All’s Well That Ends Well, act 3, sc. 3

Actual Quote
“The web of our life is of a mingled yarn, good and ill go together: our virtues would be proud, if our faults whipped them not, and our crimes would despair, if they were not cherished by our virtues.”

In Current Language:
Life can be compared to a yarn, woven into an intricate metaphorical web, containing a mixture of good and bad. Shakespeare likes to convert abstract into concrete ideas or even ideas that have a material life and personality of their own. In this instance, it is as if both virtues and faults had an independent body and soul. Therefore, our virtues could be proud or make us proud, were it not that our faults whip our virtues. Equally, there would be no hope for our shortcomings – let alone crimes – were it not that our virtues act as a kind of remedies or rectifiers, providing a counterbalance to our failings.

Suggestions For Use:
The quote embodies a virtual yet persuasive psychological message of hope, when (depending of course on individual personalities), we are inclined to feel pessimistic and critical of ourselves on reviewing our life as lived so far. It can also be a message of encouragement for a friend who feels down in the proverbial dumps, due to whatever circumstances.
And although we may not register it, the image of those virtues whipped by our faults and of our faults feeling very depressed, contains a charge of mild humor. The humor may not be consciously perceived by the recipient of the quote (or even by us if we apply the quote to ourselves). But the indirectly amusing effect could help or invite us to see things in their proper perspective.

What Happens in the Actual Play:
Two French Lords comment on the virtues and faults of Bertram, a French count who deserted his wife to find fun and glory in a military adventure, aimed at bringing freedom and democracy to the city of Florence in Italy.
Historically, the plot is completely imaginary. It reflects, at large, a kind of hereditary perception of the French by the English as boastful, possibly as a product or leftover of the 100-year war. The distance in time between the 100-year war and Shakespeare is about the same as between the end of World War I and the present.
This English general perception of the French (during Shakespeare’s times) was reinforced less than 200 years later, fostered by the adventures of Napoleon Bonaparte at the end of the 18th and the first part of the 19th century. Though, for good or for bad, Bonaparte did have admirers in England as well.
The mingled yarn referred-to in the quote is the combination of valor and shamelessness displayed by Bertram (the French protagonist of the play).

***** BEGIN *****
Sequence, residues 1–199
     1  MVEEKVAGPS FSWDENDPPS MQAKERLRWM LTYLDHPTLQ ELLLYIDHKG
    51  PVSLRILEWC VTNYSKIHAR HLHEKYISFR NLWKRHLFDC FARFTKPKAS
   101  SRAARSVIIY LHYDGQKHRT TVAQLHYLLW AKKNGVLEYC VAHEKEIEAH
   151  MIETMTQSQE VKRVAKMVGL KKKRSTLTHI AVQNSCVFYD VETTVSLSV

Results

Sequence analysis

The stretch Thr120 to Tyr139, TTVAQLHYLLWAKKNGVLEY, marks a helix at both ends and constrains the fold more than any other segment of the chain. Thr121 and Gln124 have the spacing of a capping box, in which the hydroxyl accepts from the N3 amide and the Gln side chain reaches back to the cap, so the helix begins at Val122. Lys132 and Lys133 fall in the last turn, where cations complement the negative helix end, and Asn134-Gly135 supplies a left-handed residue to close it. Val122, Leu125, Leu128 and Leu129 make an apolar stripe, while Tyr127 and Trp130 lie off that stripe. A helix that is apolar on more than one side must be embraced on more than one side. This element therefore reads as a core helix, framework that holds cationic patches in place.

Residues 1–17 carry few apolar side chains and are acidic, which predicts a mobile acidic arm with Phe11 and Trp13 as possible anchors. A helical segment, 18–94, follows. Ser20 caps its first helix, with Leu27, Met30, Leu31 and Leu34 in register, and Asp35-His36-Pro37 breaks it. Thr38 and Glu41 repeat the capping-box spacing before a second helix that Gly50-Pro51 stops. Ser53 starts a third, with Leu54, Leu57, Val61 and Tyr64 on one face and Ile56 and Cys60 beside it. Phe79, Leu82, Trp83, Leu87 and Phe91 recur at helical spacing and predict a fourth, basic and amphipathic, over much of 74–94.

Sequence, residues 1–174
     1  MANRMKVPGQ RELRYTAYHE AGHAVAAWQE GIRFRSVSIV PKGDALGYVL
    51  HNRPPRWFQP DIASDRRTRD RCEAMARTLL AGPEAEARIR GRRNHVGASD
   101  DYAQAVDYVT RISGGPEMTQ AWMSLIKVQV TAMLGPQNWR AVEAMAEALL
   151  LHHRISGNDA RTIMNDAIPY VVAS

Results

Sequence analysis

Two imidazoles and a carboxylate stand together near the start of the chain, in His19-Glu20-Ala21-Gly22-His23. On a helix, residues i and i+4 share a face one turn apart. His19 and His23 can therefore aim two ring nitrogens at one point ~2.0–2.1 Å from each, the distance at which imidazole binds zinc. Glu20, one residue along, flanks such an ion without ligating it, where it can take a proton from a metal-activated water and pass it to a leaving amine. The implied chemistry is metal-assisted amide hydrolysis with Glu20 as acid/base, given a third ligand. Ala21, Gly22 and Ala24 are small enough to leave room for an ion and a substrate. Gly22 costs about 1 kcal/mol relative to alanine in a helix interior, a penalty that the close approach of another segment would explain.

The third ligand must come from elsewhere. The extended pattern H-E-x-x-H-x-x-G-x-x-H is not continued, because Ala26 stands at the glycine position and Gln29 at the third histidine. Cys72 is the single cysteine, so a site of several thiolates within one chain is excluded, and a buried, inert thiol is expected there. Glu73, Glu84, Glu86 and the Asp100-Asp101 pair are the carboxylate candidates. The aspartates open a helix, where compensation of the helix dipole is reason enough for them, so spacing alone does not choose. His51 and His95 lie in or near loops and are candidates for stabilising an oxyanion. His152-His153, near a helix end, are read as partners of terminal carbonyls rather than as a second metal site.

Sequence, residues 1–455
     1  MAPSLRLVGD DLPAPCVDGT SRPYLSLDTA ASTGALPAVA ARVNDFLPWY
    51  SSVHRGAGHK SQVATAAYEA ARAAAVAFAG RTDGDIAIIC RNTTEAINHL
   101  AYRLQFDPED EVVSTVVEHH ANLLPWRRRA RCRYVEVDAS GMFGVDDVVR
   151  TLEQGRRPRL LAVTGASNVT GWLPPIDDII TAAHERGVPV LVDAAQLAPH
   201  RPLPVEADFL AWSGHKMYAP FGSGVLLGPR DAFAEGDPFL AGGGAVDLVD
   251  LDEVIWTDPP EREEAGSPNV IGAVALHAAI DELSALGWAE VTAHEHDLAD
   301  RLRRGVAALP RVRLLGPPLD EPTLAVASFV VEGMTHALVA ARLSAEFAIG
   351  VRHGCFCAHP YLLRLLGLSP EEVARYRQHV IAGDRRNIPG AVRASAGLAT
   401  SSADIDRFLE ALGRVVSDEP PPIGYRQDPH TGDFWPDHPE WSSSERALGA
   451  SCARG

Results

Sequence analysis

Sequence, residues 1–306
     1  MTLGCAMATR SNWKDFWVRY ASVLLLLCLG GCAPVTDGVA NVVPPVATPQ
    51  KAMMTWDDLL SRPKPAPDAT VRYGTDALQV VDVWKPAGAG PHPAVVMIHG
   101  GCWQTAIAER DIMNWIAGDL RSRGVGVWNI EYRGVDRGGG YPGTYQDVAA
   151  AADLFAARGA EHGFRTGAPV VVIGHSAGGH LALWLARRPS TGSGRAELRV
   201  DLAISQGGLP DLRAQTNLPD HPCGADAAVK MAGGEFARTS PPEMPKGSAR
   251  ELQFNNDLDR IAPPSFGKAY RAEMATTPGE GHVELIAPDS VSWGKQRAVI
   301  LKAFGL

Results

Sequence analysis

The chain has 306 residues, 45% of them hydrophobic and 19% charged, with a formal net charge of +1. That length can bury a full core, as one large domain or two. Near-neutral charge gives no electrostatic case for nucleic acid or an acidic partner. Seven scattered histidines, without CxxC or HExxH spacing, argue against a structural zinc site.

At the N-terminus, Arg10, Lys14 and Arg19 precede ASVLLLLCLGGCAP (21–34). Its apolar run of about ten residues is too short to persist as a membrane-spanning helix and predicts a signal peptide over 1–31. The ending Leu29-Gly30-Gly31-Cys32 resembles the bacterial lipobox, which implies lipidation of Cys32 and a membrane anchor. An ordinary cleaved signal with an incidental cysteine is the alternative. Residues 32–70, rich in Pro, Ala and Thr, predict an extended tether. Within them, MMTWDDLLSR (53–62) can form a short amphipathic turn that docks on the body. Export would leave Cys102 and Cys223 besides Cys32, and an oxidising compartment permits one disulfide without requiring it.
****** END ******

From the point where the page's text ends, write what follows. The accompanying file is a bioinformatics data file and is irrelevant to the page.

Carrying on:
In order to stay away from his wife Helen, whom he had married against his will, by order of the king, Bertram volunteered in a military expedition against Florence in Italy and showed valor in the siege of that city.
The valor represents the good in the quote. The ill represents the shameful behavior that Bertram displayed towards his wife.
In the play Bertram ends up recognizing his shameful behavior towards his wife. He repents and they live happily ever after. Which is why the play is called “All is Well that Ends Well.”

Jimmie’s Comment.
As mentioned in the suggestions for use, the quote belongs to what could perhaps be a sub-dictionary of Shakespearean psychology. It also reflects indirectly my personal and admittedly debatable opinion about the value of medical psychology at large.
Or rather, to know the history of how man has described his own spiritual self and the evolution of his ideas on the subject, through time and custom, is an inherently very interesting, useful and instructive subject.
Incidentally, the word – psychology or science of the soul – was probably coined by Melanchton, who lived from 1497 to 1560 and was a close collaborator of Luther.
However, as we know, during the last part of the 19th century and the first part of the 20th, the term has been mostly associated with Freud, whom I rate as a master of perversion and greed. He came up with the idea that all humans are perverts and, so as to accept their perversion and live happily ever after, they should part with their money and give it to Freudian psychologists.
The idea is sick, if ideas can be sick, and characteristic of a frame of mind and mode of thought whose consequences have been notorious ever since. Ideas heralded and promoted by those who themselves have a sick and perverted interest in distorting the principles of our spiritual beliefs, of our nature and of our civilization as we know it.

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